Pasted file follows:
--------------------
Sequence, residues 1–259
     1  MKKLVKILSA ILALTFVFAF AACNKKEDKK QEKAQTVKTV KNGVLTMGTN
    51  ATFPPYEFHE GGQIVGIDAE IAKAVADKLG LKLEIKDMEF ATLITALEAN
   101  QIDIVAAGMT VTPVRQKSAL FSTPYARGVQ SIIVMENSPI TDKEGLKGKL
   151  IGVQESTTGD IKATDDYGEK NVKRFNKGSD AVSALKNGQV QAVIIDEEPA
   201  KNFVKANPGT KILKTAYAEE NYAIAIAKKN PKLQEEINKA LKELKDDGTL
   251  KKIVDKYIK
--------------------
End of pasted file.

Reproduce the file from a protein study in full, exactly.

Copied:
Sequence, residues 1–259
     1  MKKLVKILSA ILALTFVFAF AACNKKEDKK QEKAQTVKTV KNGVLTMGTN
    51  ATFPPYEFHE GGQIVGIDAE IAKAVADKLG LKLEIKDMEF ATLITALEAN
   101  QIDIVAAGMT VTPVRQKSAL FSTPYARGVQ SIIVMENSPI TDKEGLKGKL
   151  IGVQESTTGD IKATDDYGEK NVKRFNKGSD AVSALKNGQV QAVIIDEEPA
   201  KNFVKANPGT KILKTAYAEE NYAIAIAKKN PKLQEEINKA LKELKDDGTL
   251  KKIVDKYIK